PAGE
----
“the place to which the French came (…)
the hardness of the Indians
they must have embrothered
to be able to settle and have them as conspirators in the rebellion against
contrarious potent churly England.”
— Jack Kerouac, Visions of Gerard
Foreword by Sam Pambrun
Long before the Davy Crocketts, the Daniel Boones and Jim Bridgers, the French had pushed far west and north establishing trade and kin networks across the continent. They founded settlements that would become great cities such as Detroit, Saint Louis, and New Orleans, but their history has been largely buried or relegated to local lore or confined to Quebec.
Foxcurran, Bouchard, and Malette scrutinize primary sources and uncover the alliances, organic links and métissage, or mixing, between early French settlers and voyageurs and the indigenous nations. It began with the founding of New France by Samuel de Champlain in the early 1600s and continued well into the 19th century long after France was no longer a force in North America.
The authors have combined keen and accessible story telling with vintage maps, forgotten documents (such as the little known writings of Alexis de Tocqueville), and old photos or paintings. What they have discovered and now recount will propel the story of the peoples engendered—and still thriving—, their French lingua franca, and their ways of life back into the heart of the narrative of North American history where they belong.
Songs Upon the Rivers also challenges historical orthodoxies. The French-speaking Canadien and Métis, who descended from the French and indigenous nations, developed a hybrid culture invigorated by their close kinship ties with the indigenous peoples across the continent. Yet they kept their French songs and language, which effectively made French the lingua franca of the American and Canadian West well into the 19th century.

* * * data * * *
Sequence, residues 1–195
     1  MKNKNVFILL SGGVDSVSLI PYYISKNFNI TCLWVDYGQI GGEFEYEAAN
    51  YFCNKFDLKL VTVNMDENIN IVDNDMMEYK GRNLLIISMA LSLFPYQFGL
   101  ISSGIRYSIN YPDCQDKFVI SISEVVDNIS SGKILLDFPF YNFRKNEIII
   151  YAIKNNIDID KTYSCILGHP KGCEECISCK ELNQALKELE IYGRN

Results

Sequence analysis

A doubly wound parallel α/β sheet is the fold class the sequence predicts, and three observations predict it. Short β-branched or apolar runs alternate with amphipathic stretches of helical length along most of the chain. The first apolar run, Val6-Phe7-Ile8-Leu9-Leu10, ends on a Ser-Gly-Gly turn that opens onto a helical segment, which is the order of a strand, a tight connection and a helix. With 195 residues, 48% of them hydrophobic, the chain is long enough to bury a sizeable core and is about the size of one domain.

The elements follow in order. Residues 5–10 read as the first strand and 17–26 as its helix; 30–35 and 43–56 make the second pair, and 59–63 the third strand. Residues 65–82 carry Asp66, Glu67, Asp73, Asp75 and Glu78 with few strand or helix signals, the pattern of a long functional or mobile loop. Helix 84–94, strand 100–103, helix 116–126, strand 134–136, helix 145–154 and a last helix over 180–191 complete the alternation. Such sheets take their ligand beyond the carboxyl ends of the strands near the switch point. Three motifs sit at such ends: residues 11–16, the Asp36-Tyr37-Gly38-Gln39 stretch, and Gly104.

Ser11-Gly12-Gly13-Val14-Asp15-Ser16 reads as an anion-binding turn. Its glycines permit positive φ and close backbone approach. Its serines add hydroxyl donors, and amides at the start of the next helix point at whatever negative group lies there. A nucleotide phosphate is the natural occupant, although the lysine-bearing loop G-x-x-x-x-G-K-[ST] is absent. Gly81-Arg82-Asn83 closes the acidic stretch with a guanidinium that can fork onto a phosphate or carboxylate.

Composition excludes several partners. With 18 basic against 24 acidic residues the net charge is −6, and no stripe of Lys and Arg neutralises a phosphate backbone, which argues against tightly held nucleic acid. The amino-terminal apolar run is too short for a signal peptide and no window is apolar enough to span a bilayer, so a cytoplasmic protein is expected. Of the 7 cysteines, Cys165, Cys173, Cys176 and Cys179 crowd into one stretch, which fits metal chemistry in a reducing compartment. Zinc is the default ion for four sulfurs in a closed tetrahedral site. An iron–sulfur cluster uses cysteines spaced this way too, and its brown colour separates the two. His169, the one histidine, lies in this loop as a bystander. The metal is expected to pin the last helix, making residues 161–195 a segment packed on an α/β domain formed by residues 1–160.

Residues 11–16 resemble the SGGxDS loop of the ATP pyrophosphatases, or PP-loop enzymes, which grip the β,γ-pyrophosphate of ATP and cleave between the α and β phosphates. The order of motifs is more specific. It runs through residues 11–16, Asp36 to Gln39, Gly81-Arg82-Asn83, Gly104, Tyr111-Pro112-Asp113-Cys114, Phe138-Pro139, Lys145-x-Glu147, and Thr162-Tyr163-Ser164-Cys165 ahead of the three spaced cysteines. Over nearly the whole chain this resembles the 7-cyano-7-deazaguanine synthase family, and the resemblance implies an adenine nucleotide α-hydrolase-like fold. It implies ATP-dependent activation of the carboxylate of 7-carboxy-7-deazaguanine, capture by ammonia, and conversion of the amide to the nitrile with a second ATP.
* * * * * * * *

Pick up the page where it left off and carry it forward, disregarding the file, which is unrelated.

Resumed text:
Robert Foxcurran is an independent historian who holds undergraduate degrees in French and Japanese studies and a Masters in Business Economics and Business History. He worked for Boeing in various positions including economic analyst and project historian. He lives in Seattle, Washington.
Michel Bouchard is Chair and Professor of Anthropology at the University of Northern British Columbia in Prince George, where he lives. Born and raised in a French-speaking community in Northern Alberta in the shadow of the historical fur economy, he has researched ethnicity and nationalism, particularly in Eastern Europe and Russia. His current concentration is the history of French-speaking populations in Western North America in the 18th and 19th centuries.
Sébastien Malette is an Assistant Professor of law at Carleton University, Ottawa. He holds a PhD from the University of Victoria, BC, and did postdoctoral studies at the University of Melbourne. Specializing in Métis and French-Canadian heritage, he is an expert in Aboriginal law. Sébastien Malette lives in Gatineau, Québec.
“This new work explores a fascinating and under-explored area of North American civilization: the history of the French ‘Canadiens’ and Métis … not overly ‘jargony’ … it will appeal to anyone with a strong interest in French North America but uncomfortable with academic terminology … refreshing scholarship that adds value, Highly Recommended.” James LaForest, Editor of Voyageur Heritage
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